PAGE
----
Comprehension does not suffer from accelerated viewing of online lectures

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(ORDO NEWS) — Scientists have found that viewing educational materials at a speed increased by one and a half and two times does not impair understanding and memorization of the material.

Watching online courses and pre-recorded videos has become the norm of learning during the Covid-19 pandemic. As is often the case with pre-prepared material, students and schoolchildren try to view them at a higher speed in order to be in time in a short time. Does it hurt the learning process?

Scientists from the University of California, Los Angeles decided to test this hypothesis. The results of their research are published in the journal Applied Cognitive Psychology.

To participate in the experiment, 231 students were invited, who were divided into four groups: in the first group, the participants were turned on the video at normal speed, in the second – with an acceleration of one and a half times, in the third – twice, in the fourth – two and a half.

Students watched two short videos of 13-15 minutes each about the Roman Empire and the real estate market without pauses and did not take notes. Immediately after that, they took tests for understanding the content of the video, 20 questions each.

It turned out that participants from groups where the speed of viewing was increased by one and a half and two times, gave approximately the same number of correct answers (about 25), while participants who watched the video at normal speed answered 26 questions correctly.

The worst result was shown by the group for which the speed was increased by two and a half times – only 22 correct answers.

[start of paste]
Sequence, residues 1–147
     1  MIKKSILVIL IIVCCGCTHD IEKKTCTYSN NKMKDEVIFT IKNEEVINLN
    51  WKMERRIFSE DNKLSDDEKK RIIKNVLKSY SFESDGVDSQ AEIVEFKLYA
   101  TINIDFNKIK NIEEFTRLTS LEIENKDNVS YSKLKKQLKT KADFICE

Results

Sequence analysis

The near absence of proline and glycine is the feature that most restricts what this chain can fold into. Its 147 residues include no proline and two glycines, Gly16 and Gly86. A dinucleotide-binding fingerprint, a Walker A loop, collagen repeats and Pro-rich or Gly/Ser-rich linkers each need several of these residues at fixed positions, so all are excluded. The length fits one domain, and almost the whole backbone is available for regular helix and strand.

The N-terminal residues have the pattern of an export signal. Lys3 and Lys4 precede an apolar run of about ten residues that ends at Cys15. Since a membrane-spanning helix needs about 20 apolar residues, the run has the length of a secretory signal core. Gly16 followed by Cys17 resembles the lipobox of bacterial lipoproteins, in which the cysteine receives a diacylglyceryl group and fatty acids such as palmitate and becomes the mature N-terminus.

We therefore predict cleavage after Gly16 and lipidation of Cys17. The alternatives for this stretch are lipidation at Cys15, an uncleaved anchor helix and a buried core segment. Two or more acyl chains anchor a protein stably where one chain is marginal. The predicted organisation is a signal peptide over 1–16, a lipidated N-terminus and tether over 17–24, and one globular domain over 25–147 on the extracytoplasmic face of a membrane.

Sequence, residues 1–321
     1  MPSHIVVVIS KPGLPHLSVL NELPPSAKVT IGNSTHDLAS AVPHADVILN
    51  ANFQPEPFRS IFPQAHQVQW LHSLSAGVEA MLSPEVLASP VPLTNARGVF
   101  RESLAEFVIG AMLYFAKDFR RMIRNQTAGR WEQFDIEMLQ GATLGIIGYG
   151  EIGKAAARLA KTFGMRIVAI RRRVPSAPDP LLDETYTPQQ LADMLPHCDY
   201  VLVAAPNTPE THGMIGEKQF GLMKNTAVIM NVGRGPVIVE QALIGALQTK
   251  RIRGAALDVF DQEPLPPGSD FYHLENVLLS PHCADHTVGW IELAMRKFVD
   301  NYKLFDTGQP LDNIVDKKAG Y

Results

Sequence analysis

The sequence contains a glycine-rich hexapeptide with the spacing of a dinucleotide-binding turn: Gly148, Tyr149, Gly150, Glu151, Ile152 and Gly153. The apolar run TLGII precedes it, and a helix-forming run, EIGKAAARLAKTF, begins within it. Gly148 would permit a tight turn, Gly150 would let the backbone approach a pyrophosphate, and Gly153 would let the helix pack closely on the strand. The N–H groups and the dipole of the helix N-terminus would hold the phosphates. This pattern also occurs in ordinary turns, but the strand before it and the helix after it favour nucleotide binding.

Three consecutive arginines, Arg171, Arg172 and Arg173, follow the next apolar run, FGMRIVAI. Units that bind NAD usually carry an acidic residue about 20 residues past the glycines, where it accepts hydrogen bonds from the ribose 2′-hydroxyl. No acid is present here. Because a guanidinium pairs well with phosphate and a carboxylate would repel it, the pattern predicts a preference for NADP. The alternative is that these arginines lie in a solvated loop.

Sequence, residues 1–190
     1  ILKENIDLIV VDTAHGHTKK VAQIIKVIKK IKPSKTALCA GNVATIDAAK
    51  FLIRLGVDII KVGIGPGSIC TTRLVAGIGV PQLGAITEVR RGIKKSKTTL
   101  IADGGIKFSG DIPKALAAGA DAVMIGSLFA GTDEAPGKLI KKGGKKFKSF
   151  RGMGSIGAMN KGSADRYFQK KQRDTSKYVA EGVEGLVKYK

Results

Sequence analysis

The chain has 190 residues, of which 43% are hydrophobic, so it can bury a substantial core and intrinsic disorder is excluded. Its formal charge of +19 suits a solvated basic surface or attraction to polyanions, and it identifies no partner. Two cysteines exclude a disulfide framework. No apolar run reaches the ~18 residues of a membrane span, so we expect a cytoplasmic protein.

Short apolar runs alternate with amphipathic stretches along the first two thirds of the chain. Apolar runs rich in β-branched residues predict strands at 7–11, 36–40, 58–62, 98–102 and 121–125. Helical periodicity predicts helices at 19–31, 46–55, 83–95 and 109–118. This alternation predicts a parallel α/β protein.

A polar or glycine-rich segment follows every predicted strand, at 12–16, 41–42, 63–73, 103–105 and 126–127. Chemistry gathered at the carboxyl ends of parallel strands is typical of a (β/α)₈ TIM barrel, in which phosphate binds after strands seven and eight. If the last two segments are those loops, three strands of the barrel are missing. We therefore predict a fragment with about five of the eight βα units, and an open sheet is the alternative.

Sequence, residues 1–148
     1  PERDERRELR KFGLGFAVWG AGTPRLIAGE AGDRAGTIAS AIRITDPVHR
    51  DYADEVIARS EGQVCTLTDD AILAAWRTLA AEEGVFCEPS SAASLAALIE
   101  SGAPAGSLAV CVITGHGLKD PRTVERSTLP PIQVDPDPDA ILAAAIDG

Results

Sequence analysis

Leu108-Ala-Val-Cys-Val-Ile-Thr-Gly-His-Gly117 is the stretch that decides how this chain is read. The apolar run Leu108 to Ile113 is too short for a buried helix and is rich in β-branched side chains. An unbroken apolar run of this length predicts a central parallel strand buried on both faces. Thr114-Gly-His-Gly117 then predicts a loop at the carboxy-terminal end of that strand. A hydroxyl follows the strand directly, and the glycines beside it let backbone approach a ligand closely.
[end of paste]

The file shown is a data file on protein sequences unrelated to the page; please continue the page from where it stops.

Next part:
A week later, the subjects re-passed tests for understanding the content of the video, but with different questions. The group that watched the video at maximum speed again showed the worst results – 20 correct answers out of 40, and participants from groups that watched the video at 1.5 and 2 times the speed scored 21 correct answers. The best result was shown by the group for which the video was not accelerated: 24 correct answers out of 40.

Scientists also tested whether the number of views at different speeds affects the degree of understanding and assimilation of information. So, one group was given the task to watch the videos twice at double speed, and the second – only once at normal speed.

It turned out that both groups showed approximately the same result, scoring 25 out of 40 correct answers in the comprehension test. However, when one group was given the opportunity to watch videos twice at twice the speed, but with a break of a week, they performed better (24 correct answers out of 40) than the group that watched the videos only once at normal speed.

The researchers noted that watching videos at up to twice the speed does not really impair comprehension and retention of the material, and this strategy can be used in studies. However, it may not be effective when working with particularly difficult materials.


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